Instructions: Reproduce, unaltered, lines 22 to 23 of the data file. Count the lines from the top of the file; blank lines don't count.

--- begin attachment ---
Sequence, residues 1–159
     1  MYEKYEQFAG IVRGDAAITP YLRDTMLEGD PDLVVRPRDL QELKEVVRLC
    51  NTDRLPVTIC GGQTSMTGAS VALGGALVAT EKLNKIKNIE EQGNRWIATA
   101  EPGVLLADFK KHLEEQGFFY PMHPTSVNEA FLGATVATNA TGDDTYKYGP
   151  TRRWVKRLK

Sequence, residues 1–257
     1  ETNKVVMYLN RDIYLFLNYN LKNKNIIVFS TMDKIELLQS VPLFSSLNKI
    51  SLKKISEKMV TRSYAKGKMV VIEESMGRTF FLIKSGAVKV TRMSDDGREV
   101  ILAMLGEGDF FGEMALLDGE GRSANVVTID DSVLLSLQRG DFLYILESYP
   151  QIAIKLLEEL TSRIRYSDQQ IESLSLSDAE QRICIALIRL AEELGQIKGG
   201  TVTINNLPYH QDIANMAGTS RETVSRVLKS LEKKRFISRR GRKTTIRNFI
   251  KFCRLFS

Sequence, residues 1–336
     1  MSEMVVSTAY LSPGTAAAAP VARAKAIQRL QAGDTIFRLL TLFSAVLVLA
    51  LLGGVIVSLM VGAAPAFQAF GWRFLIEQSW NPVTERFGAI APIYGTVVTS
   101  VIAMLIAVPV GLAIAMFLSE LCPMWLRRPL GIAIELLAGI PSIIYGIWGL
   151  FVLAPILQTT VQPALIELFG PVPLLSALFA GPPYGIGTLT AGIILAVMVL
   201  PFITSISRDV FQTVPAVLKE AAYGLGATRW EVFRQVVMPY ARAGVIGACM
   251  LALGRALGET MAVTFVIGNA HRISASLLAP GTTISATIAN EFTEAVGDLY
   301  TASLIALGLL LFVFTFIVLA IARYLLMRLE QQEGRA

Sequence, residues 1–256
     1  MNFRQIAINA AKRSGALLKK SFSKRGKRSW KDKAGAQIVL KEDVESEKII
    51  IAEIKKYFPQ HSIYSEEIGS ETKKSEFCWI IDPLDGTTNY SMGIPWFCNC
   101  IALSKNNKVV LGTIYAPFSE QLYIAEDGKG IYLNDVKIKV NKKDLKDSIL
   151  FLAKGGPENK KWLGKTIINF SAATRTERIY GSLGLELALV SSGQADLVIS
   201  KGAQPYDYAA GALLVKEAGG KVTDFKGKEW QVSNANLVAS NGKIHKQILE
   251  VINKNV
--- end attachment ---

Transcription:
     1  MNFRQIAINA AKRSGALLKK SFSKRGKRSW KDKAGAQIVL KEDVESEKII
    51  IAEIKKYFPQ HSIYSEEIGS ETKKSEFCWI IDPLDGTTNY SMGIPWFCNC